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My wife was raised in the south and she still enjoys some good southern comfort food. Since we only eat wild protein, I’ve had to adapt some southern classics to fit our venison-rich diet. Country fried steaks are one of her favorite meals and it wasn’t hard to come up a venison version of them. Our kids love it too and this trophy meal has become a regular in our household dinner rotation. “Backcountry Fried Steak” is easy to make with just about any horned or antlered game. You can use steaks cut from backstraps and the round or sirloin roast found on the hindquarter. I’ve also used breast fillets from grouse, pheasant, and wild turkeys.

Backcountry Fried Steak Recipe

1-2 lbs venison steaks for 4-6 people

1 cup flour

1 cup panko crumbs

1 tsp salt

1 tsp black pepper

1 tsp garlic powder

1 tsp onion powder

1 tsp smoked paprika

1 cup buttermilk

2 eggs

Peanut oil


1/4 cup flour

1 cup milk

1 cup game stock or water

2 tbsp butter

1 tsp black pepper

1 tsp salt

Preheat oven to 200 degrees. Start by cutting your meat into 6-8 steaks about ½ an inch thick. Next, you’ll need to pound each steak down to half that thickness. Place individual steaks on a cutting board, cover with plastic wrap, and pound with a meat hammer until ¼ inch thick. In a casserole dish or bowl, cover steaks with buttermilk and let chill in the refrigerator for an hour.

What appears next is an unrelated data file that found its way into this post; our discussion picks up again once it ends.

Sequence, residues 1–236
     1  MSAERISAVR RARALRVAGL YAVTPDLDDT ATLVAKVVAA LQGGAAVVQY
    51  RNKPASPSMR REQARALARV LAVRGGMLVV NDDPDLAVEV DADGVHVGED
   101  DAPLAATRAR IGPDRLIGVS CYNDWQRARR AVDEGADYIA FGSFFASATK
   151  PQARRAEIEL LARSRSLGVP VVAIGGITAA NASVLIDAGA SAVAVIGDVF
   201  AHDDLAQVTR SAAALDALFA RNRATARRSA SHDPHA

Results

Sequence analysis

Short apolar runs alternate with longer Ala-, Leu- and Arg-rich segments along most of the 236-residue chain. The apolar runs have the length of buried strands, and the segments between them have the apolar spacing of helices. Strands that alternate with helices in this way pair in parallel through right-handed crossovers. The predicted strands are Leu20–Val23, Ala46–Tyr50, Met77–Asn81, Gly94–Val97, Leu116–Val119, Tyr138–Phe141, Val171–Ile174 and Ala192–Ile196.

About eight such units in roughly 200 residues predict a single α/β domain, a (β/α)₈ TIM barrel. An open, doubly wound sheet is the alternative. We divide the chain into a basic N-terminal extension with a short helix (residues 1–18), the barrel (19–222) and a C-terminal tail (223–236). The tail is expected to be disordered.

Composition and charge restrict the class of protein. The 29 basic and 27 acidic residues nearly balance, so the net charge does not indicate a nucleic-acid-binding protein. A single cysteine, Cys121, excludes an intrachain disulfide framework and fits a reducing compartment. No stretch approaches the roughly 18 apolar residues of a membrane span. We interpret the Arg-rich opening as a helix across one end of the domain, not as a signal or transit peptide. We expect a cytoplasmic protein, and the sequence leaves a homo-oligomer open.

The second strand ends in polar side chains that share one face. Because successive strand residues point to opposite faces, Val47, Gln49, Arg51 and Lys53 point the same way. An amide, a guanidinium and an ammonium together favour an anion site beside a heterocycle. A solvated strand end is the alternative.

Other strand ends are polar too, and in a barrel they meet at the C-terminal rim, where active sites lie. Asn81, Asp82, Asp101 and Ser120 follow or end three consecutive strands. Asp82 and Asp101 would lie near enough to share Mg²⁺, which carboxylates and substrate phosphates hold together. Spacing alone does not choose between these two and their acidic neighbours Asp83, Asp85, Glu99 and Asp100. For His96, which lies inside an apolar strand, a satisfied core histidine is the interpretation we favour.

While the steaks chill, make your gravy. Melt butter over medium heat. Add flour a couple tablespoons at a time and mix to make a thick roux. Add salt and pepper. Next, slowly add milk and stir as you go. Add water until the gravy reaches your desired consistency. Turn heat to low and keep gravy warm while you cook the steaks.

Remove the steaks from the refrigerator and shake off excess buttermilk. One at a time, dredge steaks in seasoned flour. You can do this in a one-gallon Zip-Loc or on a plate. Shake excess flour from steaks and coat in a mixture of beaten egg and water. Now dredge each steak in panko crumbs.

Place a couple of steaks at a time in an iron skillet filled with about ¼ inch of peanut preheated to about 350-375 degrees. Don’t overcrowd the skillet. Each steak should cook quickly. Fry 3-4 minutes one side, flip and fry 1-2 minutes on the other. You want a crispy, golden brown coating but be careful not to overcook the meat. Keep an eye on your cooking temperature and lower it if you notice the breading turning dark brown. If you are making a large batch, you may need to add a little oil throughout the cooking process. Shake excess oil from each steak, add a touch of salt, and put into the warm oven on a wire rack.

When it’s time to eat, drizzle a generous amount of gravy on each steak. Serve with mashed potatoes, and sauteed brussel sprouts or steamed green beans. Finish up with a slice of pecan pie for a true, southern wild game meal.


Brody Henderson is a hunter, fly fishing guide, writer, wilderness production assistant for the MeatEater television show and MeatEater‘s Community Manager